Yes. Cold sores are usually caused by the Herpes Simplex Virus HSV-1. But sometimes they can be the result of an infection by the HSV-2 virus, contracted after having oral sex with someone suffering from genital herpes - cold sore-like blisters on the genitals and surrounding area. Both types of the Herpes Simplex Virus are very easily passed on (are highly contagious) through direct contact.
Many people feel there is some shame or social stigma to having herpes, so the lesions on the face are usually just called cold sores.
Unfortunately, there is no complete cure for herpes. Once infected with the virus, it will remain for the rest of your life. Having HSV-1 or HSV-2 doesn’t necessarily mean you will develop cold sores, though. Some 80% of people who are infected never develop cold sores.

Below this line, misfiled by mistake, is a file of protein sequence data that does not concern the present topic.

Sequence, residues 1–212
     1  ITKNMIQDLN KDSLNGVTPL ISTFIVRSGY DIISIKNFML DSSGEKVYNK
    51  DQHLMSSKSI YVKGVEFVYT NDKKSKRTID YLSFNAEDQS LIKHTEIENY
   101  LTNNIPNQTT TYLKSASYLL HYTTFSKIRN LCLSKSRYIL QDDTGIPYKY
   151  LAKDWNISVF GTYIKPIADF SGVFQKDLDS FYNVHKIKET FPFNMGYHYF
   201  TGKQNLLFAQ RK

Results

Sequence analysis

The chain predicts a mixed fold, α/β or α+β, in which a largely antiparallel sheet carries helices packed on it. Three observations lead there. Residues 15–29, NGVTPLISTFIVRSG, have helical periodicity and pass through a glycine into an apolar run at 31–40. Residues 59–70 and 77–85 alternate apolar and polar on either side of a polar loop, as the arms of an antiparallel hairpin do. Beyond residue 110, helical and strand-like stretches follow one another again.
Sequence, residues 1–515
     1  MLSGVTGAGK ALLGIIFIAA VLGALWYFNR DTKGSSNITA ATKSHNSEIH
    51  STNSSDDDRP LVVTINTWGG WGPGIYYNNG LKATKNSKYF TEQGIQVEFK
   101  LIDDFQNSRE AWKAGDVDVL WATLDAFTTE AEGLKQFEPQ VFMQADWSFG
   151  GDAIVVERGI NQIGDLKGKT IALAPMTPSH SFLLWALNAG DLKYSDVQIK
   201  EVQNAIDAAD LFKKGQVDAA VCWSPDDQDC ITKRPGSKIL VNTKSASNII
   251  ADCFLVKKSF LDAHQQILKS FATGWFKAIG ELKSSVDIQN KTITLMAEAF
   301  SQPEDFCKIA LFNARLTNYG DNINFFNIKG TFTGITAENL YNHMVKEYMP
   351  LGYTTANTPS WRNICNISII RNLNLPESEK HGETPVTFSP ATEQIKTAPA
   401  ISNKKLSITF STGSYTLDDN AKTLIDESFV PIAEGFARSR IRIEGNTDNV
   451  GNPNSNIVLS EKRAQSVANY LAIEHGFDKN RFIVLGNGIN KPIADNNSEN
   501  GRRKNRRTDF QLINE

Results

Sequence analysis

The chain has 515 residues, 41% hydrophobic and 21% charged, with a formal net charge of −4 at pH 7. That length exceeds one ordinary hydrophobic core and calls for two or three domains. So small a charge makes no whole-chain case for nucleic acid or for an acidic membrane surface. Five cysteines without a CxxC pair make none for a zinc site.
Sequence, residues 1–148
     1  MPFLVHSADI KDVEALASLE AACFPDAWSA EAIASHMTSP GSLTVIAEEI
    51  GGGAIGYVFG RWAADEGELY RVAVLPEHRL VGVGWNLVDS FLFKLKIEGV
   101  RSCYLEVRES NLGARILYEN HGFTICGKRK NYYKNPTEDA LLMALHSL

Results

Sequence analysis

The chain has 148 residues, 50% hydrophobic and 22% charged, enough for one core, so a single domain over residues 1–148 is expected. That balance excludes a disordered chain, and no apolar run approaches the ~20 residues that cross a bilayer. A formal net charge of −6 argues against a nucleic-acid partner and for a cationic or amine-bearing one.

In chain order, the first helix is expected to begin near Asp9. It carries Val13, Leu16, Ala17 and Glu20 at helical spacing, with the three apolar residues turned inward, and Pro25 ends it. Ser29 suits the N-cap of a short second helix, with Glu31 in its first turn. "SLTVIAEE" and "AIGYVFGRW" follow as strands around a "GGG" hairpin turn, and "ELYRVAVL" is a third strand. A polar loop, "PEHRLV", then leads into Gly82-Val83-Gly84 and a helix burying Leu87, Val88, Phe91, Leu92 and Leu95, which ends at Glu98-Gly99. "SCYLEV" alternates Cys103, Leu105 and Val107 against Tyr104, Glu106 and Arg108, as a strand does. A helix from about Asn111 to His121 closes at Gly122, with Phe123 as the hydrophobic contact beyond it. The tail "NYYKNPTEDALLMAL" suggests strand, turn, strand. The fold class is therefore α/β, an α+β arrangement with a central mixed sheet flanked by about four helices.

Although there’s always a chance of cold sores recurring, there are things you can do to reduce the chances. If you have recurrent problems, speak to your GP.
For example, regular use of Prevasore can reduce the chance of your lips becoming dry, cracked or chapped - the ideal conditions for cold sores to develop. If cold sores do develop, Prevasore can help relieve the symptoms and promote healing.
Q. How can I tell if I have herpes?
A. Your GP or other health professional will probably be able to make the diagnosis just by looking at your symptoms - the sores or scabs on your lips. In exceptional circumstances, a swab may be taken, or a blood test carried out
Q. Are cold sores STDs?
A. Only a small number of people suffer from cold sores caused by genital herpes. As the HSV-2 virus can be passed on via oral sex or other intimate contact, these cold sore outbreaks are often classed as STDs (sexually transmitted diseases)
Q. Can herpes zoster cause cold sores?
A. Herpes zoster is usually called shingles and is caused by a different type of virus, the varicella-zoster virus. Infection with this virus doesn’t lead to cold sores